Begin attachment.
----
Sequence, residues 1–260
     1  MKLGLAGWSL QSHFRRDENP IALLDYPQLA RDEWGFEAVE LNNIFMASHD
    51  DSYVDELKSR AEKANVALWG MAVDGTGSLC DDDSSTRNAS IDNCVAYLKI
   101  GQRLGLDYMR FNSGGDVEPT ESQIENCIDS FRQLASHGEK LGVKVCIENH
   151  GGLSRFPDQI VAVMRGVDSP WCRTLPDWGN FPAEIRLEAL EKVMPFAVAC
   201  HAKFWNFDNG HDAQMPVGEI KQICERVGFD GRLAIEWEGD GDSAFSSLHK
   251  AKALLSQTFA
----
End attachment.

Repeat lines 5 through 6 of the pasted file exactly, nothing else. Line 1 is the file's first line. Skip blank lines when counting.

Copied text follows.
   151  GGLSRFPDQI VAVMRGVDSP WCRTLPDWGN FPAEIRLEAL EKVMPFAVAC
   201  HAKFWNFDNG HDAQMPVGEI KQICERVGFD GRLAIEWEGD GDSAFSSLHK